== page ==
Straight away, we are introduced to Marianne, who starts to feel really unwell on her long-awaited tenth birthday. Her temperature spikes, her appetite disappears, and her worried mother summons the doctor. Her birthday dinner is thrown away uneaten, and the celebrations stop.

Marianne is quite seriously ill.

Confined to bed for weeks on end, unable to even cross the room to pick up a book to read, she grows more and more irritable and frustrated. Catherine Storr, the author, conveys Marianne’s pain very effectively, and we really feel for this small girl, cooped up indoors with bright summer weather streaming in her windows. She gets used to doing things from bed, which includes helping her mother sort through her great-grandmother’s old antique workbox, in which, one day, she finds a pencil. It’s not a particularly beautiful or well-made pencil; it simply looks friendly, and easy to draw with, and helpful. This is the pencil, Marianne thinks, which will make my visions come truthfully out of my head, through my fingers and onto the page.

And so she draws.

The first thing she draws – for it is always the first thing she draws – is a house. It is, she thinks, as unsatisfactory as ever. Lopsided, windows misaligned, out of proportion. But she gives it some trailing smoke from the chimney, adds a fence and some standing stones, some tall whispery grass, and some large flowers.

When Marianne dreams that night, she is standing in a wide open field full of swishing, long grass, and a house – a strangely familiar house – stands before her, surrounded by a fence and a jumble of standing stones.  She goes through the gate and up the garden path, and right up to the the front door of the house – but it has no knocker or bell, and she feels desperately sure that she must get inside. Something about the wide prairie landscape all around her makes her afraid. But her small knuckles get bruised against the wood of the door, and there’s nobody inside the house to let her in. Put someone in the house, a whishing, mysterious voice tells her.

Back in her own world the following day, Marianne makes a few adjustments to the house. She adds a face at the upstairs window, and she places a knocker and letterbox on the front door. Her great-grandmother’s pencil draws well – and, as she learns, it cannot be erased.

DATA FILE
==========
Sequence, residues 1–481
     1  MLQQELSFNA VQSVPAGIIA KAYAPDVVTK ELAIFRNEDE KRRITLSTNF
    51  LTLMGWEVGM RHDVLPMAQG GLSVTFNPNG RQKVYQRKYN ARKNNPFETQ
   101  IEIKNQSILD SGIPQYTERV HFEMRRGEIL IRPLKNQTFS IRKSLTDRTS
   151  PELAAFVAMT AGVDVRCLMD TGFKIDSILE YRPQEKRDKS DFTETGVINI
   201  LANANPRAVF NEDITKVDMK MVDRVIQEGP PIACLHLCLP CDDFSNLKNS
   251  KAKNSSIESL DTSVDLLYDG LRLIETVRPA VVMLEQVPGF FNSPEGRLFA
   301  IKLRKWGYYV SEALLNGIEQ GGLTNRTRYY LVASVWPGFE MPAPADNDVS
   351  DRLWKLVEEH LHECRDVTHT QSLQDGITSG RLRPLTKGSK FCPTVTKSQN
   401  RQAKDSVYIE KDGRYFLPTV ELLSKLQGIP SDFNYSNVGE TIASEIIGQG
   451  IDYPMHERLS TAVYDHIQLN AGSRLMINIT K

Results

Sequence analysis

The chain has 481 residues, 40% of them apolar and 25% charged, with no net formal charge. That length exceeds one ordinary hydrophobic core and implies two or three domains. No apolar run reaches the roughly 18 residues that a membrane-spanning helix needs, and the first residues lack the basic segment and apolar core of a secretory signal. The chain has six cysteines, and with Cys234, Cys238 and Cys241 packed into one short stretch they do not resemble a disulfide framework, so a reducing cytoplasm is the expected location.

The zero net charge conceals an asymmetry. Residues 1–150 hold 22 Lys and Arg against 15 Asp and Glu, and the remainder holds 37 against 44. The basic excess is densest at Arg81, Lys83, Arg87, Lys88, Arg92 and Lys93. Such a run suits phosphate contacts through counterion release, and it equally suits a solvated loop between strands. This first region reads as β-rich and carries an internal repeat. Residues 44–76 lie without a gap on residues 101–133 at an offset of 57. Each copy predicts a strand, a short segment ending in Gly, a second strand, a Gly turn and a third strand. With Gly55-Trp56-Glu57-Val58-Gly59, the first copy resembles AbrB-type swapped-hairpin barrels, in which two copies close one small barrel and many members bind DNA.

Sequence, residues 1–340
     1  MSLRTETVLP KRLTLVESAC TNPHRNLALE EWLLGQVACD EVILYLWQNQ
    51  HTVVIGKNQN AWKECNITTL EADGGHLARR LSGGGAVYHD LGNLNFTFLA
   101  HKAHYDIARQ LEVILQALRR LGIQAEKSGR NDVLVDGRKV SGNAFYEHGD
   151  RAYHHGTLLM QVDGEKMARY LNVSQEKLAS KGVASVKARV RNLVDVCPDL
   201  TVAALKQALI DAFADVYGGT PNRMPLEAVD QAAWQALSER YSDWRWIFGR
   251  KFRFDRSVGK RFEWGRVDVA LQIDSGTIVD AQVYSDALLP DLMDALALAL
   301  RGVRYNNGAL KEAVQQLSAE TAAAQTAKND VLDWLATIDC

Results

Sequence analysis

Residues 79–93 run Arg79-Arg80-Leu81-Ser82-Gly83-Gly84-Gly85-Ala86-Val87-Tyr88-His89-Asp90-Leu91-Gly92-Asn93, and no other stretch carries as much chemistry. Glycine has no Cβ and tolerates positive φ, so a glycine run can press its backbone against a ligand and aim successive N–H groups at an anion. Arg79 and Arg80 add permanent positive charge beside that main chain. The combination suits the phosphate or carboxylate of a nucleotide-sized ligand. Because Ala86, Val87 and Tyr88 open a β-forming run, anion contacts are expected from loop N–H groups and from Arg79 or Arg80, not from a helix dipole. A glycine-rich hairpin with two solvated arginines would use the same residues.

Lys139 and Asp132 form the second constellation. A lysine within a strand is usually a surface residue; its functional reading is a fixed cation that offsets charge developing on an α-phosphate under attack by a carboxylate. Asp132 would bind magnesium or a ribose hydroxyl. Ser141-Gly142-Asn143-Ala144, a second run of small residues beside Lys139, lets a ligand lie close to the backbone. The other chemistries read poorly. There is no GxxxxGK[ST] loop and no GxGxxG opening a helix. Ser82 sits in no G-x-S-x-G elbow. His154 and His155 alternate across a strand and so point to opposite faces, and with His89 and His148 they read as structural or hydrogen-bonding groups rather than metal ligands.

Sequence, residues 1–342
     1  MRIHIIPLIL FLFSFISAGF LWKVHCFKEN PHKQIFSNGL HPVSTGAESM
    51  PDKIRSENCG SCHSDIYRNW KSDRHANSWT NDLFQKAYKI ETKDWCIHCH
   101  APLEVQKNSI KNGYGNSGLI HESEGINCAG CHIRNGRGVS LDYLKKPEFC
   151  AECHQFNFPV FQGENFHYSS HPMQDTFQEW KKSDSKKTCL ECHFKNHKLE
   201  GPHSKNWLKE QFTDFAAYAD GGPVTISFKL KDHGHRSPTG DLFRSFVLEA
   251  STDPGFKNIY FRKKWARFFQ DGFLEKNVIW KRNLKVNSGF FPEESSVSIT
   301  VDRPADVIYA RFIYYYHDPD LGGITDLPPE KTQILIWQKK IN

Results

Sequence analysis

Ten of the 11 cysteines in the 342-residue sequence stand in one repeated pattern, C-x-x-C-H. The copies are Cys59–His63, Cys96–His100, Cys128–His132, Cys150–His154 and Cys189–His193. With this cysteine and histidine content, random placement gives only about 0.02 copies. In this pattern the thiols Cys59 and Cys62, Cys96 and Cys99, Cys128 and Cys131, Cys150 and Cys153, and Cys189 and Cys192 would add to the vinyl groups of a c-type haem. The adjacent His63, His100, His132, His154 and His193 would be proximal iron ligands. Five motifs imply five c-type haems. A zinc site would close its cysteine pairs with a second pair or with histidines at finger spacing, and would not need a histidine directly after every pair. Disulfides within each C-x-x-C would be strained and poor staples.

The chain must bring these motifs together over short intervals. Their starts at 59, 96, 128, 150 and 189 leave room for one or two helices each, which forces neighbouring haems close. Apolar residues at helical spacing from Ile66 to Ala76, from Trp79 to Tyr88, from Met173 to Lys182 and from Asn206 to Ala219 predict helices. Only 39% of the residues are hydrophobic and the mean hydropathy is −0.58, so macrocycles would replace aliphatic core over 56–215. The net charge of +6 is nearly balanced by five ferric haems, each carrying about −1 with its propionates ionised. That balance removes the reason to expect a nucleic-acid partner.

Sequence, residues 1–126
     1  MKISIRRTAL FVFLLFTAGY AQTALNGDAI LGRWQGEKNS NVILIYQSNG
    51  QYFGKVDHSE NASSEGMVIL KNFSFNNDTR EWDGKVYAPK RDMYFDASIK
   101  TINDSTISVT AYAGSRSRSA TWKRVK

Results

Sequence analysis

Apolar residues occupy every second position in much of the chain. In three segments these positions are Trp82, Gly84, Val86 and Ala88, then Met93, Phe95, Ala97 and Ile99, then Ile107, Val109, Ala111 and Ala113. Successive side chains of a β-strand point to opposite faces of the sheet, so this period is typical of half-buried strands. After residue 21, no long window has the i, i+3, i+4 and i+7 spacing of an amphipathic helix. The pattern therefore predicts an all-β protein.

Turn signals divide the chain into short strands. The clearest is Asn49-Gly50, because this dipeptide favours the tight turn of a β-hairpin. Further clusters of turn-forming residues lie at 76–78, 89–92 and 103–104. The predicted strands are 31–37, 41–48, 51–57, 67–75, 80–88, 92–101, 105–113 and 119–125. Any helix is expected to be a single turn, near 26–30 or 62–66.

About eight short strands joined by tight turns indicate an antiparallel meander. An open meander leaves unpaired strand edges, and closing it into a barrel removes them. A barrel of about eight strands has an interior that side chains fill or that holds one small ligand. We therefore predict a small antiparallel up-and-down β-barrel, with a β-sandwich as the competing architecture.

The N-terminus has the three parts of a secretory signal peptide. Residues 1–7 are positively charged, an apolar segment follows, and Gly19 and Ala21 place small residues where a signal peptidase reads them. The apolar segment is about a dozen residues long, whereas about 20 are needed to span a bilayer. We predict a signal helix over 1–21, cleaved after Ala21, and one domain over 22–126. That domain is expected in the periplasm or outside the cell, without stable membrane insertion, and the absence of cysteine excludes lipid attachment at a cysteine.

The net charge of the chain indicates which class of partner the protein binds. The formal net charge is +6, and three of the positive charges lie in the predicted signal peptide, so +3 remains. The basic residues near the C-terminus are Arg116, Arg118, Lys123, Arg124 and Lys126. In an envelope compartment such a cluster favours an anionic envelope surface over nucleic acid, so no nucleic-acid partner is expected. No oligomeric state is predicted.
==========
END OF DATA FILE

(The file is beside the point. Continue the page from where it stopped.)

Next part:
In her next dream, Marianne returns to the house. She notices a small pale face in the window upstairs, and when she knocks a boy opens the window. He is Mark, who is trapped inside, unable to walk. ‘I can’t get downstairs,’ he tells her. ‘There’s no staircase in this house.’

So, the next day, Marianne adds one. Eventually, she manages to get inside the house, and every time she dreams she and Mark try to figure out where they are, and why he’s trapped. Every day in her ‘real’ life, Marianne draws the things Mark needs – a bed, some food, a bicycle to help his polio-wizened legs to strengthen – and every night they plot their escape.

Then, one day, in a fit of irritation at Mark, Marianne adds eyes – narrowed, peering, cruel eyes – to the stones outside the house, and then the trouble really starts.

There are some genuinely chilling moments here, particularly in relation to the spying stones and the voices the children hear, warning them that they must escape and that they’re being pursued; I can totally see my tiny self reading with trembling hands as the children’s attempts to get away from the house are described. Marianne’s ‘double life’, and the fact that Mark exists in her ‘real’ world, too, mean that the book is interestingly layered and textured; the realities of polio, and the horrors of that disease and the effects it had on the children who suffered from it, are sobering. I loved the childlike logic that dictates Marianne’s choices of what to draw next, and their rather ingenious plan of escape, and I loved the horror that still fizzes through the pages.

The fact that everyone sounds like a middle-aged businessman is a bit of a disappointment, but that’s to be expected from a book first published in 1958, I suppose. There’s lots of ‘my dear girl,’ ‘awfully sorry,’ ‘frightfully kind,’ and that sort of thing.

In short, if you’re willing to overlook the fact that this book sounds a little dated, I would say track down a copy and give it a go. It’s unlike any other children’s book I’ve ever read, and – if for nothing else but the sheer imagination needed to dream it up (no pun intended) – it’s worth a try.

Still from 'Escape into Night', a TV miniseries adaptation of the book from 1972, showing Marianne (Vikki Chambers) and Mark (Steven Jones) inside the upstairs room of the house. Image: werewolf.co.nz

Still from ‘Escape into Night’, a TV miniseries adaptation of the book from 1972, showing Marianne (Vikki Chambers) and Mark (Steven Jones) inside the upstairs room of the house.
Image: werewolf.co.nz

Book Review Saturday – ‘A Wrinkle in Time’

Okay, so. Yes, I’m aware this book is now over fifty years old. I’m aware that, probably, everyone in the world has read it. I’m aware it’s a deserved classic.

Image: en.wikipedia.org

Image: en.wikipedia.org

I’m aware – you may not be aware of this, though – that I own no fewer than three different editions of this book, such is the overwhelming love I have for it.

So, the question you’re no doubt asking is: Why, o Why, are you doing a review of this book today?

Well, this is the reason.

I learned during the week that this book has been turned into a graphic novel – an award-winning graphic novel, at that – and my book antennae immediately twinged into action. Another volume to track down and add to my collection (or assimilate into my book-Borg, if you like), and I haven’t been able to stop thinking about it ever since. So, this week it is on the review hotseat, for which I make no apologies. I’d like to think that someone, somewhere – perhaps even a reader of this very blog! – has never come across this book, and maybe my words will convince them of their folly.